Cambridge Analytica, the political consultancy at the centre of the Facebook data-sharing scandal, is shutting down.
The firm was accused of improperly obtaining personal information on behalf of political clients.
According to Facebook, data about up to 87 million of its members was harvested by a quiz app and then passed on to the political consultancy.
The social network said its own probe into the matter would continue.
“This doesn’t change our commitment and determination to understand exactly what happened and make sure it doesn’t happen again,” said a spokesman.
“We are continuing with our investigation in cooperation with the relevant authorities.”
What are the accusations against Cambridge Analytica?
The company has been accused of using the personal data of millions of Facebook users to sway the outcome of the US 2016 presidential election and the UK Brexit referendum.
In March, Channel 4 aired undercover footage of Cambridge Analytica’s CEO, Alexander Nix, giving examples of how the firm could swing elections around the world with underhand tactics such as smear campaigns and honey traps.
The UK-based company, which denies any wrongdoing, has an extensive record of working abroad on many election campaigns, including in Italy, Kenya and Nigeria.
Why does it say it is shutting?
Clarence Mitchell, a spokesman for Cambridge Analytica, referred the BBC to a statement on the firm’s website.
“Over the past several months, Cambridge Analytica has been the subject of numerous unfounded accusations and, despite the company’s efforts to correct the record, has been vilified for activities that are not only legal, but also widely accepted as a standard component of online advertising in both the political and commercial arenas,” it said.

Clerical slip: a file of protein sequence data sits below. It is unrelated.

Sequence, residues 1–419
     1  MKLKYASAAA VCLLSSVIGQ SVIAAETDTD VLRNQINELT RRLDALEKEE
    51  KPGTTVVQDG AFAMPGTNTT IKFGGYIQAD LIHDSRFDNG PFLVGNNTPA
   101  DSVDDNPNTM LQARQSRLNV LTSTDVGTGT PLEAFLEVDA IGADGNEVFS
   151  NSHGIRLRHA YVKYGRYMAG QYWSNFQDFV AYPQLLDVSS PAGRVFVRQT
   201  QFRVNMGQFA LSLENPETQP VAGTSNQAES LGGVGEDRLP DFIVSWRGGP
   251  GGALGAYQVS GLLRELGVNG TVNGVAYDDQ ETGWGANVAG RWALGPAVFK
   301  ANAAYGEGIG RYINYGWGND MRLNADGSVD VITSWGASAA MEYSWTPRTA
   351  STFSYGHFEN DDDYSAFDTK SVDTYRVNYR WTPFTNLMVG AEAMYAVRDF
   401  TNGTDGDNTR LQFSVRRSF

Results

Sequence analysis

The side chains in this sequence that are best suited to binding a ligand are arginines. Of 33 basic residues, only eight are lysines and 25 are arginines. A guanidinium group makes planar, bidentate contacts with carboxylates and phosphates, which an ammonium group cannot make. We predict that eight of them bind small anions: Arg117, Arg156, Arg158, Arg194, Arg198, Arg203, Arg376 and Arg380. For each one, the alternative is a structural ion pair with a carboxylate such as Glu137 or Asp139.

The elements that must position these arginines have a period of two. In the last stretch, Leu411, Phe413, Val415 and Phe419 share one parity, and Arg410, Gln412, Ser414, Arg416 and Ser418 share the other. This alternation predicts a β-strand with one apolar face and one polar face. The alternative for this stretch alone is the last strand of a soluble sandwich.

“Despite Cambridge Analytica’s unwavering confidence that its employees have acted ethically and lawfully… the siege of media coverage has driven away virtually all of the company’s customers and suppliers.
“As a result, it has been determined that it is no longer viable to continue operating the business.”
The statement added that its parent company SCL Elections was also commencing bankruptcy proceedings.
How the scandal unfolded
17 March: The Observer and the New York Times publish accounts by Cambridge Analytica’s ex-employee Christopher Wylie, saying 50 million Facebook accounts were improperly harvested by the company
23 March: The UK’s data watchdog is granted a warrant to search Cambridge Analytica’s office
27 March: Christopher Wylie appears in front of a committee of UK MPs
4 April: Facebook says it now believes up to 87 million people’s data was improperly shared with Cambridge Analytica
10 April: Facebook CEO Mark Zuckerberg is questioned by US lawmakers about the scandal
17 April: Alexander Nix, the former boss of Cambridge Analytica, refuses to appear before British MPs
26 April: The UK parliamentary committee threatens to issue Mark Zuckerberg with a “formal summons for him to appear when he is next in the UK” as questions remain unanswered
2 May: Cambridge Analytica announces its closure